abstract = {In the gathering problem, n autonomous robots have to meet on a single point.
We consider the gathering of a closed chain of point-shaped, anonymous robots
on a grid. The robots only have local knowledge about a constant number of
neighboring robots along the chain in both directions. Actions are performed in
the fully synchronous time model FSYNC. Every robot has a limited memory that
may contain one timestamp of the global clock, also visible to its direct
neighbors. In this synchronous time model, there is no limited view gathering
algorithm known to perform better than in quadratic runtime. The configurations
that show the quadratic lower bound are closed chains. In this paper, we
present the first sub-quadratic---in fact linear time---gathering algorithm for
closed chains on a grid.},
author = {Abshoff, Sebastian and Andreas Cord-Landwehr, Andreas and Jung, Daniel and Meyer auf der Heide, Friedhelm},
booktitle = {ArXiv: 1501.04877},
title = {{Towards Gathering Robots with Limited View in Linear Time: The Closed Chain Case}},
year = {2015},
}
@article{19992,
author = {Valentini, Gabriele and Hamann, Heiko},
issn = {1935-3812},
journal = {Swarm Intelligence},
pages = {153--176},
title = {{Time-variant feedback processes in collective decision-making systems: influence and effect of dynamic neighborhood sizes}},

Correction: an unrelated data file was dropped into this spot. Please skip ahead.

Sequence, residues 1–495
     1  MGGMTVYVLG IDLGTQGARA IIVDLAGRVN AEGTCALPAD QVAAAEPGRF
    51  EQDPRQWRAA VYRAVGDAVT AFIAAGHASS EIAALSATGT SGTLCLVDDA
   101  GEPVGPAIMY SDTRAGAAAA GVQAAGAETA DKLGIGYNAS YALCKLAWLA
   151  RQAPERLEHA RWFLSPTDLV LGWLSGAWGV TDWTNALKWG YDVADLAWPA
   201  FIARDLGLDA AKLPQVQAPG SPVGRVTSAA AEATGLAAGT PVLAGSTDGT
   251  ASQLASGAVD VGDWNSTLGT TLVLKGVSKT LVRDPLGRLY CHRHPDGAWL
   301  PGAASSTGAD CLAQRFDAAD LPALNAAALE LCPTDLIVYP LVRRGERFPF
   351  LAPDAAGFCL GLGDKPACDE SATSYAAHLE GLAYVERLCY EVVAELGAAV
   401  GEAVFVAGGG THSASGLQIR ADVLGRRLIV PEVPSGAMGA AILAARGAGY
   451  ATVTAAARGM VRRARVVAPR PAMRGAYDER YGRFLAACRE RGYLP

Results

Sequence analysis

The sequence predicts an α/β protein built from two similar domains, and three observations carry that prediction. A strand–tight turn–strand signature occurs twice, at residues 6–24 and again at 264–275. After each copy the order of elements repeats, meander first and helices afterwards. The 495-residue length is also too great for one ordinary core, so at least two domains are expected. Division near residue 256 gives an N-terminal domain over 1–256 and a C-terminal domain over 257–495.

doi = {10.1007/s11721-015-0108-8},
year = {2015},
}
@misc{316,
author = {Pautz, Jannis},
publisher = {Universität Paderborn},
title = {{Budget Games with priced strategies}},
year = {2015},
}
@misc{277,
author = {Kothe, Nils},
publisher = {Universität Paderborn},
title = {{Multilevel Netzwerk Spiele mit konstanten Entfernungen im Highspeed-Netzwerk}},
year = {2015},
}
@article{19962,
abstract = {Recent approaches in evolutionary robotics (ER) propose to generate behavioral diversity in order to evolve desired behaviors more easily. These approaches require the definition of a behavioral distance, which often includes task-specific features and hence a priori knowledge. Alternative methods, which do not explicitly force selective pressure towards diversity (SPTD) but still generate it, are known from the field of artificial life, such as in artificial ecologies (AEs). In this study, we investigate how SPTD is generated without task-specific behavioral features or other forms of a priori knowledge and detect how methods of generating SPTD can be transferred from the domain of AE to ER. A promising finding is that in both types of systems, in systems from ER that generate behavioral diversity and also in the investigated speciation model, selective pressure is generated towards unpopulated regions of search space. In a simple case study we investigate the practical implications of these findings and point to options for transferring the idea of self-organizing SPTD in AEs to the domain of ER.},
author = {Hamann, Heiko},
issn = {1064-5462},
journal = {Artificial Life},
pages = {464--480},
title = {{Lessons from Speciation Dynamics: How to Generate Selective Pressure Towards Diversity}},
doi = {10.1162/artl_a_00186},
year = {2015},
}
@inproceedings{19967,
author = {Wahby, Mostafa and Divband Soorati, Mohammad and von Mammen, Sebastian and Hamann, Heiko},
booktitle = {Proceedings. 25. Computational Intelligence Workshop},
title = {{Evolution of Controllers for Robot-Plant Bio-Hybdrids: A Simple Case Study Using a Model of Plant Growth and Motion}},
year = {2015},
}